When this ran in 2007, I wrote: “The four-star rating I’ve afforded Michelangelo Antonioni’s L’Avventura (1960) is born of a desire to approach the film as objectively as possible. Objectively, this is an important film—maybe even close to a great film. The rich, detailed, deep-focus black-and-white images that make up the film are so striking that they alone make the movie worth the price of a ticket. I understand, too, the fuss that greeted this movie in 1960. The film’s daring choice to present a mystery that has no solution—the disappearance of a socially prominent young woman (Lea Massari) going through a bout of cosmic malaise on a deserted island during a posh boating trip—was just arty enough to capture the imagination. … However, from a completely subjective point of view, the movie—like most Antonioni—never engaged my emotions and frequently bored me. Still, I can’t deny the quality of the film, and I’d never suggest it shouldn’t be seen.” For the full review go to: www.mountainx.com/movies/review/lavventura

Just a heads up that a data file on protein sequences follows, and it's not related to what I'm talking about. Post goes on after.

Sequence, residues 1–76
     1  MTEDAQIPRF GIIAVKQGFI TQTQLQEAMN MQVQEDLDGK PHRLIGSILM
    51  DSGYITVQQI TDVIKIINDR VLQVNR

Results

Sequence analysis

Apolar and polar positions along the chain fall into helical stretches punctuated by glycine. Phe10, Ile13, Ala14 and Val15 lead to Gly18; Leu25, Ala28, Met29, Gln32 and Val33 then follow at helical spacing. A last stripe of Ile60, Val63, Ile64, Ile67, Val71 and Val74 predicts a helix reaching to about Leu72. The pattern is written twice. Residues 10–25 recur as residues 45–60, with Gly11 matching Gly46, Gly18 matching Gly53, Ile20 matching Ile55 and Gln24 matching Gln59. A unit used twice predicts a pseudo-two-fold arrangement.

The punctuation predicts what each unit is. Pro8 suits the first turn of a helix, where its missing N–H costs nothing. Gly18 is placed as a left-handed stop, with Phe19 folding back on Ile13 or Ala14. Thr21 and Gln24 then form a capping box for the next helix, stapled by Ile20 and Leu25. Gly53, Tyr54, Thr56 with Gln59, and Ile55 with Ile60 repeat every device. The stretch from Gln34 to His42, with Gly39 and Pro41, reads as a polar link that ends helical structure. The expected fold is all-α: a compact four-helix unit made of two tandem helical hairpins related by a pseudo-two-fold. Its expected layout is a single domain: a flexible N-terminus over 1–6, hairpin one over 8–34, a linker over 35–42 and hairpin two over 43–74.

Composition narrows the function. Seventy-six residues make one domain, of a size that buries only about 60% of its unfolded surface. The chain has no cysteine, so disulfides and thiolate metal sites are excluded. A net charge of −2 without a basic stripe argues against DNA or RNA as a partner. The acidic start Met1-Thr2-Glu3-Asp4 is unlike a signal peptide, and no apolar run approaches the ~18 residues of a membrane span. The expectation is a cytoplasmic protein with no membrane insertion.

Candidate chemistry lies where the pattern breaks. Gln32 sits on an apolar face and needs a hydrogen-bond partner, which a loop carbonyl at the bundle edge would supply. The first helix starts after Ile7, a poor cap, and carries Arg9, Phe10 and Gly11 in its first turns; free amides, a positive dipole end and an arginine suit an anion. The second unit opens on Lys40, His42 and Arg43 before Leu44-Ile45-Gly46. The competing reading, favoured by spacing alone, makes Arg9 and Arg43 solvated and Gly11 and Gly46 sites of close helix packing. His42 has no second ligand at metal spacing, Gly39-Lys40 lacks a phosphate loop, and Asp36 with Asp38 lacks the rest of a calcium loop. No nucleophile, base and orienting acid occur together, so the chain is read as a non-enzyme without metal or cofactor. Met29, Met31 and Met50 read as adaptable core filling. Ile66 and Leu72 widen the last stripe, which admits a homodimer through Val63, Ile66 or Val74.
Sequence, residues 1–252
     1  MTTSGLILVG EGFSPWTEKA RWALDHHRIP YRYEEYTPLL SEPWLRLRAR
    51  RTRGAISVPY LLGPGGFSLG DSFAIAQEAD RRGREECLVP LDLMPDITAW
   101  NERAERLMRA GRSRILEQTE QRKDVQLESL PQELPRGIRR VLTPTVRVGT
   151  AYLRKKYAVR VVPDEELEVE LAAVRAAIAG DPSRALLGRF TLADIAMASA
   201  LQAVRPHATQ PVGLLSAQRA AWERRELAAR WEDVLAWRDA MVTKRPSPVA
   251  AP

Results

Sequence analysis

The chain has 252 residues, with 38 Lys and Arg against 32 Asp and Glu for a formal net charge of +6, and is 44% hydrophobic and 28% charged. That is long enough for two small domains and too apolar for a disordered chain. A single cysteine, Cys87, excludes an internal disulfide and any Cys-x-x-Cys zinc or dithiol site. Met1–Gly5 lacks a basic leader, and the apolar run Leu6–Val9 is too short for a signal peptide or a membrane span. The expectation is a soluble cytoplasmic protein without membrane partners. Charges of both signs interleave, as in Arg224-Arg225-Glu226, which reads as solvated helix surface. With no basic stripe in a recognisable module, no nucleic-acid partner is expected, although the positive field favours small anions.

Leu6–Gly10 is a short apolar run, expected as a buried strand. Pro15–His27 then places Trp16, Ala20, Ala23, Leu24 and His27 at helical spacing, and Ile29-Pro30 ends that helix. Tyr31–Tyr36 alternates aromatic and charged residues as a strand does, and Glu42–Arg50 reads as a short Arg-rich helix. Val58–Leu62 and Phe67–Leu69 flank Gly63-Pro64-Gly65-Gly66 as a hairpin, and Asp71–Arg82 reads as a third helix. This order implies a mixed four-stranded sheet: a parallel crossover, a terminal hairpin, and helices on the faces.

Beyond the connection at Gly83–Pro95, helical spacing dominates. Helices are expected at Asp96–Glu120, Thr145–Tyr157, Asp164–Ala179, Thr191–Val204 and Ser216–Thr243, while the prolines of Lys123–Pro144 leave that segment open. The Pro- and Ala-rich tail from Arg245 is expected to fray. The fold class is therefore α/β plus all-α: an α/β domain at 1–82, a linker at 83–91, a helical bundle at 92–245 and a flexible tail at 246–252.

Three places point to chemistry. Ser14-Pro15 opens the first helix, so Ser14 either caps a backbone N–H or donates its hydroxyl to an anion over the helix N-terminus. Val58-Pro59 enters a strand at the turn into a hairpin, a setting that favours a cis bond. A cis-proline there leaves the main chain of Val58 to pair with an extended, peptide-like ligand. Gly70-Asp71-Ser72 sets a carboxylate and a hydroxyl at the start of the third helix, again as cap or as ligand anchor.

Before you comment
The comments section is here to provide a platform for civil dialogue on the issues we face together as a local community. Xpress is committed to offering this platform for all voices, but when the tone of the discussion gets nasty or strays off topic, we believe many people choose not to participate. Xpress editors are determined to moderate comments to ensure a constructive interchange is maintained. All comments judged not to be in keeping with the spirit of civil discourse will be removed and repeat violators will be banned. See here for our terms of service. Thank you for being part of this effort to promote respectful discussion.